We had a good dinner that night and ate well under clear skies, we finally settled on a plan for the next day, the East Ridge of Serratus. Doing this route would accomplish two things. First, we’d summit Serratus via a Class 4 rock route (we also noted that a new, bolted, rappel route had been put in on Serratus which appealed to me). Second, we could investigate the option of returning via the Alpha/Serratus col instead of the Serratus/Ionia col.
The plan seemed sound, but something was different. Before a big summit push I usually feel excited with anticipation but I just felt sick to my stomach. I didn’t want to be doing this, I didn’t want to be here, I just wanted to go home. We went to bed and I hoped by the morning I’d feel differently, but as the sun set and we turned in I secretly hoped that it would never come up again.
The next morning came all too soon. We got up and my first words were “I don’t want to do it”. Spring seemed like she already knew. She said “Let’s have breakfast and see how we feel”. Conditions were actually perfect outside. The snow had frozen overnight and the skies were clear and crisp. We had a cup of coffee, then made a second one, then found something else to delay us.
As we did I seen the climbers that had camped out nearby passing the Cabin en route towards Mount Tantalus. I felt guilt about not being willing to be out there also.
We reluctantly accepted that we weren’t going to attempt Serratus today. As I allowed for that realization to sink in I grabbed a book off the shelf to flick through while I finished up my breakfast. The first page I opened on had a quote that immediately stood out to me.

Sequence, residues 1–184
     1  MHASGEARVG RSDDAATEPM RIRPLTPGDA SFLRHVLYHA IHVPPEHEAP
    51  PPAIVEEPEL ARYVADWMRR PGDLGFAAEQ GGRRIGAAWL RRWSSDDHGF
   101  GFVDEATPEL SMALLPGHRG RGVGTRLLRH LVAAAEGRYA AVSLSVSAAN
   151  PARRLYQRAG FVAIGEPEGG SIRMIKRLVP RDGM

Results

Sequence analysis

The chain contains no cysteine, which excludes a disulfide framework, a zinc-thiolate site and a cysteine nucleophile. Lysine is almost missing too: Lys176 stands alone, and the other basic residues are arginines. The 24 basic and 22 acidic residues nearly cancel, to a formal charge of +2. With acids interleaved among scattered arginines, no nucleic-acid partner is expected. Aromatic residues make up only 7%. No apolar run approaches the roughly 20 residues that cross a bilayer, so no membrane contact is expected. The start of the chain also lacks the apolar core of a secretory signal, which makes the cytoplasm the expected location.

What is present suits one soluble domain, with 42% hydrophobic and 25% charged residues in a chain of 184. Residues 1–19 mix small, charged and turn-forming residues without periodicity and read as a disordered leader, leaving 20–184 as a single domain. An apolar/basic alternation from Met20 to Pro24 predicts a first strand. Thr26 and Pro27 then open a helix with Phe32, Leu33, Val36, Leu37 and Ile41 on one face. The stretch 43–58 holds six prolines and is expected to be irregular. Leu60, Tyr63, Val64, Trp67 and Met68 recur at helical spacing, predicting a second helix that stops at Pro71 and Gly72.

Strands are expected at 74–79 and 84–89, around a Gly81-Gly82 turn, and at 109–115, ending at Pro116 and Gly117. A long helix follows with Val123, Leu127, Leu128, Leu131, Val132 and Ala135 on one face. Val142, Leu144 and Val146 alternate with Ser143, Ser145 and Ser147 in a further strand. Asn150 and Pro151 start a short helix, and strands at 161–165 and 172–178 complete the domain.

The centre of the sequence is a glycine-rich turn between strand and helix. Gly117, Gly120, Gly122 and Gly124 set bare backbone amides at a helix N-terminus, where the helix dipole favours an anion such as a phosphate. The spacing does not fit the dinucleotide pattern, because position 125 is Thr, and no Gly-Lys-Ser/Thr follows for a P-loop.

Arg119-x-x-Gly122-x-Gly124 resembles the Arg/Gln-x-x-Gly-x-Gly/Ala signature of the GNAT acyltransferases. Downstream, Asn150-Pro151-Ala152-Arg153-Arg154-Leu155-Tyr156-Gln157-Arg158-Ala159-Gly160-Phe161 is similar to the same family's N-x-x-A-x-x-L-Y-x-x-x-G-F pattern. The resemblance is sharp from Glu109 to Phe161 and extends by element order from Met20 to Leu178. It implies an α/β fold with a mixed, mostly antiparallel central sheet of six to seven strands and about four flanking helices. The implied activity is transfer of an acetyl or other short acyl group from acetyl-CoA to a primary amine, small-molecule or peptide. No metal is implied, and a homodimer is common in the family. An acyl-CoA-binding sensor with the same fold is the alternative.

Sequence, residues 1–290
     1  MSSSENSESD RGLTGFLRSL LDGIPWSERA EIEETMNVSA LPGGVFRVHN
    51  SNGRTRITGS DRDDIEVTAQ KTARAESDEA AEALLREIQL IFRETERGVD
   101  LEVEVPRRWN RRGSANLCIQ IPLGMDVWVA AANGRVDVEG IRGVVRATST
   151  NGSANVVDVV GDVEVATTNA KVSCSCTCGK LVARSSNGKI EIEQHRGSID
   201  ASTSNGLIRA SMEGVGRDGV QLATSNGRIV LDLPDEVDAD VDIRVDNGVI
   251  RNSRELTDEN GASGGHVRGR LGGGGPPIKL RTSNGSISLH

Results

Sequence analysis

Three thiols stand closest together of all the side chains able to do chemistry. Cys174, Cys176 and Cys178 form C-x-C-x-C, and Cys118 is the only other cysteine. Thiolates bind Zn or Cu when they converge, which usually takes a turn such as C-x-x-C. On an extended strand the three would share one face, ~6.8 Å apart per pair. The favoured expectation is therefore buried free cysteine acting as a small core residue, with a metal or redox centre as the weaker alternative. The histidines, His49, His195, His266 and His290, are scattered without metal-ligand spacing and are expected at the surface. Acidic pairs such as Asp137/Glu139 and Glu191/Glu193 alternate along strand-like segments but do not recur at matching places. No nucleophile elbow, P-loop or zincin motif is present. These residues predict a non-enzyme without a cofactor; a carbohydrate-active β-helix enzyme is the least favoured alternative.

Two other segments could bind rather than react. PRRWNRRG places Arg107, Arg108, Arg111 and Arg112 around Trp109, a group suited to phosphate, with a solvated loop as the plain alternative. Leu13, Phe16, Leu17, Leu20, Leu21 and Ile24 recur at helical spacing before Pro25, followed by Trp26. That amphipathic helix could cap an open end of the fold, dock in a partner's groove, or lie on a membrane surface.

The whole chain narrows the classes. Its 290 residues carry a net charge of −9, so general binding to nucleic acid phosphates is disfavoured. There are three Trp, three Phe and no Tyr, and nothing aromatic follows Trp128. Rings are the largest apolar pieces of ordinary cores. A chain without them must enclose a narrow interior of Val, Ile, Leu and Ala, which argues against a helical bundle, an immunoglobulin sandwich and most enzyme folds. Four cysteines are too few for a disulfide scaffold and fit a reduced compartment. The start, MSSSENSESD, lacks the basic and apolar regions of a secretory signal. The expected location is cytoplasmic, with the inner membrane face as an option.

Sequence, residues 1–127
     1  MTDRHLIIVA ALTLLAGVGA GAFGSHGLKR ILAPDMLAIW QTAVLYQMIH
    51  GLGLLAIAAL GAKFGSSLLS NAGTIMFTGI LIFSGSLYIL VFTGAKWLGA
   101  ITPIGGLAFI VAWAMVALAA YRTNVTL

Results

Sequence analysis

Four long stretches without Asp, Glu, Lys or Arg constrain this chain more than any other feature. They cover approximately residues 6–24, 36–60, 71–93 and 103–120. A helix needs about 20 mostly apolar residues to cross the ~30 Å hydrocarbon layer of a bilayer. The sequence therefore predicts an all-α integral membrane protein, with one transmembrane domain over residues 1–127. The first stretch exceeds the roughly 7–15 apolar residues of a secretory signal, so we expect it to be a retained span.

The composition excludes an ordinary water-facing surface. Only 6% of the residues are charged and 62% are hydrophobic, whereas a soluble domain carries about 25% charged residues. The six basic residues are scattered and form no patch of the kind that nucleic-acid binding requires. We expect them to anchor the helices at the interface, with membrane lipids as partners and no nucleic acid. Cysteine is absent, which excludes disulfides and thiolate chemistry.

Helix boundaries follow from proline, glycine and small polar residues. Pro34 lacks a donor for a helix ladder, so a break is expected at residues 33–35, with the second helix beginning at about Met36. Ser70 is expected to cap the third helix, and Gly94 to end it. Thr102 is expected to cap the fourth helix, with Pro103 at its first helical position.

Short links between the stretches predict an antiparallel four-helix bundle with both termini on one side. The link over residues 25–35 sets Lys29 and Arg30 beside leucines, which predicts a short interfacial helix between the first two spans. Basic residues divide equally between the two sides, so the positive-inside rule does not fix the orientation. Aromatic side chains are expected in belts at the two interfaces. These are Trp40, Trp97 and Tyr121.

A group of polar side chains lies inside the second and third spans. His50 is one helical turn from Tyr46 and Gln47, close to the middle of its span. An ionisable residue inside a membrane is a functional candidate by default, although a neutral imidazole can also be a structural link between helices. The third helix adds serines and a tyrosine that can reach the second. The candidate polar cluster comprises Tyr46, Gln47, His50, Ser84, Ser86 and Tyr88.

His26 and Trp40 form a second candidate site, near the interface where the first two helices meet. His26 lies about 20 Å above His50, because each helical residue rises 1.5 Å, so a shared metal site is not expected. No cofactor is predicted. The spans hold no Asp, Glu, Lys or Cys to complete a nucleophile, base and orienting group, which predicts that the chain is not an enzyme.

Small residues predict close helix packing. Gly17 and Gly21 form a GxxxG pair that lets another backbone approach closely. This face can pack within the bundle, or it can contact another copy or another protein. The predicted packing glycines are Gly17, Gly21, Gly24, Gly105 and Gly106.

“Commit or go home, but do not hesitate” – Sharon Wood
A wise mantra. I turned to Spring and said “We need to go home”. I was just putting off the inevitable. The Mountains are not a place where you have the luxury to hesitate and procrastinate. Spring agreed. We had cellular reception at the Cabin so we checked the weather forecast on our phones. It looked like we had at most another day of clear weather until more clouds and rain enveloped us. We had to make a decision, either leave the following day in good weather, ending our trip early, or risk being forced to leave in bad weather at the end of our trip. This bad weather would also shut down any possibility of getting a helicopter to extract us.
We decided on leaving the next day. We also decided on getting a helicopter to fly us out. After discussing our options neither of us had any desire to reverse the route we had taken in. This left us with a quandary about the Canoe we’d stashed on our side of the Squamish river. If we got a helicopter to fly us out we’d still need to cross the Squamish river again to retrieve the Canoe. We could of course figure this out but it would be a hassle.
So we made a plan. The following day we’d get picked up by a helicopter, but rather than getting dropped off back home in Squamish, we’d get dropped off back at the Tantalus Hut. This had two benefits. The first being that we could hike out on the trail we had come in on and retrieve our Canoe, and secondly, it meant we could spend the day scrambling to the summits of the easier peaks we had attempted earlier in the week but had failed to reach due to the weather.